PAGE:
JUSTFAITH AT THE GCW: If you’ve always wanted to explore more deeply how integrated our faith is with working for justice in the world, this might be the program you have been looking for! Catholic Charities sponsors the JustFaith program in Gainesville and we’re thrilled to be hosting it this year at the GCW. It is an intensive formation program, meeting 30 times over the course of 8-9 months (between September and May), but everyone we know who has participated has found it to be an extraordinary and transformative experience. If you think you might be interested and want to learn more, we’re having 2 informational sessions: this week on Tuesday, August 30 from 7-7:45pm at the house; and again next Tuesday, Sept. 6 same time at the house. The program will start in mid-September! Contact Johnny at email@example.com if you want to learn more or come to one of the information sessions!
DOROTHY’S FARMERS MARKET CAFE: The cafe starts back up this week, Wednesday, August 31! We’re in need of volunteers! Come help out with prep between 9:30-11:45am, serving from 12-3pm, or clean up from 2:30-4pm. And if you’re interested in learning how to be one of the cafe chefs, let Kelli know. Each semester Kelli works with 2-3 cafe chefs-in-training, helping train folks in preparing and cooking local, seasonal foods for our guests at the cafe. Let us know if you can volunteer this week or if you’re interested in becoming one of our chefs-in-training! Email us at firstname.lastname@example.org.
ROUNDTABLE ON THE TENTH ANNIVERSARY OF 9/11: Our topic for our first Thursday Roundtable will be the tenth anniversary of 9/11 and an exploration of what has happened in our nation and around the world in the wake of the events of that day. We’ll share a resource from Colleen Kelly, a member of September 11th Families for Peaceful Tomorrows, who lost her brother Bill on 9/11. Johnny will lead us in a discussion about how our nation responded, what could we have done differently, and where do we go from here. Bring a dish to share for the potluck meal if you can! NOTE: We’re only doing Roundtables once-a-month this semester, on the first Thursday of each month. The time has shifted a little too: we’ll be beginning at 6:30 and ending at 8pm.
ART FOR ALL HELP: The Art for All Project will be starting up again in September, and we need your help. Last year’s project was a great success, bringing together a diverse group of professional and amateur artists from all ages and backgrounds to produce some beautiful work, a lot of which was sold at end-of-the-semester Art Sales to benefit both the artists and the work of the House. To find out more about the project, our plans for this semester and how you can help, click here.
BREAKFAST BRIGADE VOLUNTEERS: Brigade got started last week with only live-in house members doing it. It would be great to have 2-4 extra volunteers each Friday if possible. If you’re interested, email us at email@example.com and let us know. We can add you to the schedule for this week or reserve you a spot on any Brigade you want to do throughout the semester!
NEW BROCHURE AVAILABLE: We’ve also just printed our new brochure for the semester, which includes info on all our projects and the weekly schedule for this semester. If you want to look at it or download it as a PDF, just click here: GCW Brochure – Fall 2011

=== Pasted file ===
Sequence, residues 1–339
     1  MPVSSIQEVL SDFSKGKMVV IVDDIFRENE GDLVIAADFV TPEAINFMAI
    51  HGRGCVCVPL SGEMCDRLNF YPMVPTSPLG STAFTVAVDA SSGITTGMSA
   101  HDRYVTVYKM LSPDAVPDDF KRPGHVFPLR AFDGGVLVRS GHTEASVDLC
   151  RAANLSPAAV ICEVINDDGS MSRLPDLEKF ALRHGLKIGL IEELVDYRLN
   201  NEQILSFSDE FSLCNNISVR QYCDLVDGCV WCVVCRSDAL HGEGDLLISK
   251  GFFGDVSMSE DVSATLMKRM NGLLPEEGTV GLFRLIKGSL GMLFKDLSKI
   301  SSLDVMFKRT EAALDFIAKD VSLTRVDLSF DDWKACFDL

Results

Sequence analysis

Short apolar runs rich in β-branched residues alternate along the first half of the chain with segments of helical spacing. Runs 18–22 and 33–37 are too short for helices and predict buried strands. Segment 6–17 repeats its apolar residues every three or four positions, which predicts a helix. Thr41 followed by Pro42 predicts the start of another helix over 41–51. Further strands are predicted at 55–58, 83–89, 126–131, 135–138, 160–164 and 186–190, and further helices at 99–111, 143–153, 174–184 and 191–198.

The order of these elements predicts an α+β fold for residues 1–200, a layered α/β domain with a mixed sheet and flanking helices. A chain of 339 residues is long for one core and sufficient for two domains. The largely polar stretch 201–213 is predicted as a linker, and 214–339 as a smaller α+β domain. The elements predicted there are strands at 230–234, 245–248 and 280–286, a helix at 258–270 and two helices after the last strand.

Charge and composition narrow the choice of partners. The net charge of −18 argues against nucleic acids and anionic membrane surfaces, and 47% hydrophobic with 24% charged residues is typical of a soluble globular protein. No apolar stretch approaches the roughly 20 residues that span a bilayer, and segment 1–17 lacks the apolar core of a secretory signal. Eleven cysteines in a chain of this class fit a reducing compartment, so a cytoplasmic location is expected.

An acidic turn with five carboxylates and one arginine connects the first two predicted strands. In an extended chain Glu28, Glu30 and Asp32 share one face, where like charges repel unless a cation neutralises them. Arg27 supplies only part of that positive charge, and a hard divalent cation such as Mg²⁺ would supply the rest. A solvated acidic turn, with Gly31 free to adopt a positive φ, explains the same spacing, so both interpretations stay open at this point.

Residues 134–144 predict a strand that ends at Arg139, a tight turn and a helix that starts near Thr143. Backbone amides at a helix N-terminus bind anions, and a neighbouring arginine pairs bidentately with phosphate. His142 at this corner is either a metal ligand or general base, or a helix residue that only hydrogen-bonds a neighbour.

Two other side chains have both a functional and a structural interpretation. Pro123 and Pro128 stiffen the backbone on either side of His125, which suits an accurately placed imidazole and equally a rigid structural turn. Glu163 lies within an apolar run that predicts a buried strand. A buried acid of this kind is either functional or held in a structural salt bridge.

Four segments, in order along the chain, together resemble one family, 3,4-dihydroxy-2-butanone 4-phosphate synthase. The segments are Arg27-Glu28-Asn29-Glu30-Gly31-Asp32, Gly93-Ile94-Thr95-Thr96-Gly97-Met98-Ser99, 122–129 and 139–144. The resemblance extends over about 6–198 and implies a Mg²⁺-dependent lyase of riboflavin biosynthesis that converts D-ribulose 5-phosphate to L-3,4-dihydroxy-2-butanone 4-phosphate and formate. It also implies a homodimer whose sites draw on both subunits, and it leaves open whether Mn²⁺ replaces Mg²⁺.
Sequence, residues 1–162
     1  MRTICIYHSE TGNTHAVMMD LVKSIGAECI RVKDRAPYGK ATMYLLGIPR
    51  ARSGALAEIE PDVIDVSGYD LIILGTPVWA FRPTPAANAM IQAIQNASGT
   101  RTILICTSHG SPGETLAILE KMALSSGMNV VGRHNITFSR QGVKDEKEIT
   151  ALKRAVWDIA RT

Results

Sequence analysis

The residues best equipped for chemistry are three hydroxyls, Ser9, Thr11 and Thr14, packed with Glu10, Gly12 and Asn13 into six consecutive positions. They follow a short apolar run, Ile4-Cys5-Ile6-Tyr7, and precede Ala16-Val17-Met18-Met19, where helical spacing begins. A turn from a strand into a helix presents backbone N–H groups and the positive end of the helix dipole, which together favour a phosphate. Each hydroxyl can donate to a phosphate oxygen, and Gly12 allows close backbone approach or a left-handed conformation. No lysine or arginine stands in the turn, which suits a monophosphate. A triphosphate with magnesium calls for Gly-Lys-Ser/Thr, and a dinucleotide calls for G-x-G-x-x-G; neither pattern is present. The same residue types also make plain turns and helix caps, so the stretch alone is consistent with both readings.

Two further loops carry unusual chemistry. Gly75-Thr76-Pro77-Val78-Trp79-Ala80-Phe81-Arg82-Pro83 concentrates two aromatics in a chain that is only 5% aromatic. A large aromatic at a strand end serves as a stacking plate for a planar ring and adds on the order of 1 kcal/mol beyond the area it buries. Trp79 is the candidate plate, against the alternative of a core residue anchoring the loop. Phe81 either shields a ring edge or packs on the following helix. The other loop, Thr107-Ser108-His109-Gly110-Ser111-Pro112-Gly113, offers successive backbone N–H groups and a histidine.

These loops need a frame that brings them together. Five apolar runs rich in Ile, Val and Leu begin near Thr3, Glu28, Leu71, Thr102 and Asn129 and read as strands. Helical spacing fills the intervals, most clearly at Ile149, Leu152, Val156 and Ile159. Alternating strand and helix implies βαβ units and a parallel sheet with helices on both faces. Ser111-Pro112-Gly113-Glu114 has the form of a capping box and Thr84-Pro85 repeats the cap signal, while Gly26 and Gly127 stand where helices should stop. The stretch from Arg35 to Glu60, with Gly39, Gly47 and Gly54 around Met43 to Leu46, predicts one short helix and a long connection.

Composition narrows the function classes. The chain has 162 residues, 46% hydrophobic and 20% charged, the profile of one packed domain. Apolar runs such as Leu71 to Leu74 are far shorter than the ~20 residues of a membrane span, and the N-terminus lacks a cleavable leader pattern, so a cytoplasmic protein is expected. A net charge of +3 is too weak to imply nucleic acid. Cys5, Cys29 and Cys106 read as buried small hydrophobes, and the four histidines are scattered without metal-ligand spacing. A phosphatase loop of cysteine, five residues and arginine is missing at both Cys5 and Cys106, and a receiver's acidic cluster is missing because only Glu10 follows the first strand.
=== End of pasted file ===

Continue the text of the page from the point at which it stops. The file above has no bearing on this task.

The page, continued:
Hope you can join us this week!
Scott Robertson’s roundtable discussion on “Radical Solutions to Feed the World” was a wonderful gathering of folks looking at very practical issues regarding sustainability in the context of “values.” ”How do we do the right thing as individuals? How do we help each other get to where we need to be for the good of those who come after us and for creation itself? These two questions are intertwined when we talk about issues that affect us globally. And so they become “spiritual” questions themselves, concerned with value, meaning, responsibility, and hope. It was a good conversation that we hope to continue soon.
In the meantime, Scott sent those present a handy resource list of inspirational and practical websites and books. Take a look and keep in touch. We’re looking forward to our next roundtable on this subject.
You’re invited to tonight’s Roundtable, 6-7:30! Diedre Houchen and Miriam Elliot will be leading a discussion on “Dismantling Racism.” The’ll offer a working definition for racism and then describe the process used by the City of Gainesville in their current anti-racism efforts. In addition to addressing the question of whether this work is needed in Gainesville, we’ll also discuss experiences pertaining to race through the eyes of those present – and question what stories are necessary but not represented at the table. We’ll be serving black beans and rice with peach salsa. Please bring a dish to share if you can. If you can’t, come anyway!
It took some extra discernment this time around to figure out how to proceed while taking into account work schedules and a limited budget. But proceed we are, to the best of our ability, and with great hope that this semester will be a good one for all who come to the house.
As always we try to match the skills, resources, and passions of folks who have those to give with the needs of impoverished people in the community. Our highest hope for the house is that it will be a “meeting place” for people who might not otherwise get to know each other – a place that is comforting, challenging, interesting and engaging.
For those of you who have been active in the past, you will notice a few big changes in the schedule. The most painful change for us was to eliminate the venerable, ten-year old Breakfast Brigade. While this has been a wonderful connection with folks who work at the labor pools and a fun way to gather together in the wee hours to bake bread and share it with some very appreciative folks, it is very draining of resources, both financial and leadership-wise. That, in combination with the fact that day labor itself is dwindling due to changes in the economy, make this a project that we’ve decided to end in order to free up time, energy, and resources for other projects.